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  • John Proctor

Homeless Veterans Program

Glen Allen, Virginia - For the past few articles, we’ve been focusing on programs to be of aid to our homeless veterans, and today, we will be doing the same with me introducing to you the programs I’ve found so far by skimming through the web!


Before all that, let me bring to you some information regarding statistics by policyadvice.net as a sort of awareness check and to broaden your knowledge on our veterans’ current situation.


Did you know?

  • Around 40,000 veterans in the US do not have shelter on any given night with 60,000 of them sleeping on the streets and 1.4 million being at risk of homelessness

  • It’s been since the year 2011 that the number of veterans experiencing homelessness had been over 40%

  • The leading causes of homelessness among veterans are PTSD, social isolation, unemployment, and substance abuse with there being 50% homeless veterans having serious mental illnesses, 70% having substance abuse problems, and 51% having disabilities which serves as another cause for unemployment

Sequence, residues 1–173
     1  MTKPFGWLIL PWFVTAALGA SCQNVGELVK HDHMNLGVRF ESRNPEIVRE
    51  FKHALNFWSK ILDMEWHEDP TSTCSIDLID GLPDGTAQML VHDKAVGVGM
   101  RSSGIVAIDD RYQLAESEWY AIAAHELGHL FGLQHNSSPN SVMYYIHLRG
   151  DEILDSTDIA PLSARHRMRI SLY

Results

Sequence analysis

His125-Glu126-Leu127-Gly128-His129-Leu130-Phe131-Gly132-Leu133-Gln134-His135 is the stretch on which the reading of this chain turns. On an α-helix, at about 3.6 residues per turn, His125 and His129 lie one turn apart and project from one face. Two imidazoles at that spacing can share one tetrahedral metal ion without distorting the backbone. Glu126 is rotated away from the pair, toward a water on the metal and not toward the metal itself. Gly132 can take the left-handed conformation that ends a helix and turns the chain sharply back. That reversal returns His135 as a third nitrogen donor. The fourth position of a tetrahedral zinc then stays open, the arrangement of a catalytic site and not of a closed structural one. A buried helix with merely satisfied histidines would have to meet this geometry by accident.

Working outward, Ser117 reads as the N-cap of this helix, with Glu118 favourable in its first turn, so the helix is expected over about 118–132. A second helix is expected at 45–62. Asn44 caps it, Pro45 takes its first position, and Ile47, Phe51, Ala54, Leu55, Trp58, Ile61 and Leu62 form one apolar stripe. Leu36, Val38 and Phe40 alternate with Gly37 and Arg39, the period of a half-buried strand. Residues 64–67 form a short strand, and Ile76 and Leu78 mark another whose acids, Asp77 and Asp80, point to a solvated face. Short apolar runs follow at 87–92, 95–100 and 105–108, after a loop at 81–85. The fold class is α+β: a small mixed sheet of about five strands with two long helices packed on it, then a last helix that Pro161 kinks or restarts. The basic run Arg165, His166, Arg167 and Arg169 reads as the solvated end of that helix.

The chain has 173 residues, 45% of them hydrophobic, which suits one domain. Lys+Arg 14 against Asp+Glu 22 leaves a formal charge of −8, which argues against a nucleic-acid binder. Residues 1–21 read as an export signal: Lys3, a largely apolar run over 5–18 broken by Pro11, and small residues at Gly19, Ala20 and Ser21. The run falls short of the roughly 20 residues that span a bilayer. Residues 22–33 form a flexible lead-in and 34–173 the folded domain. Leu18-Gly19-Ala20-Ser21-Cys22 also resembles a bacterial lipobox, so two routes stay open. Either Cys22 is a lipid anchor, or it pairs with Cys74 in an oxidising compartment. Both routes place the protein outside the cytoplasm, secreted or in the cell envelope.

• 11% of homeless adults being veterans.

  • Homelessness is concentrated mostly in urban areas wherein 68% of homeless veterans reside in principal cities because they believe that they have better opportunities of surviving in these places.



The Leading Causes of Veteran Homelessness

  1. Social isolation and lack of support – 1 out of 5 of the veteran population live alone, having low marriage and high divorce rates, leading to the lack of proper social support after discharge.

  2. Veterans are at greater risk of homelessness than non-veterans – This had been concluded through a joint study between Yale University and the VA Connecticut Health Care System in 2015.

  3. Substance abuse – This includes both alcohol and drug abuse in which it serves as a major factor for homelessness.

  4. Despair caused by mental illness among homeless veterans – According to a large-scale VA study on the mental health of veterans from 2012, it was revealed that mental disorders are common among homeless veterans with PTSD being the leading disorder and anxiety closely following.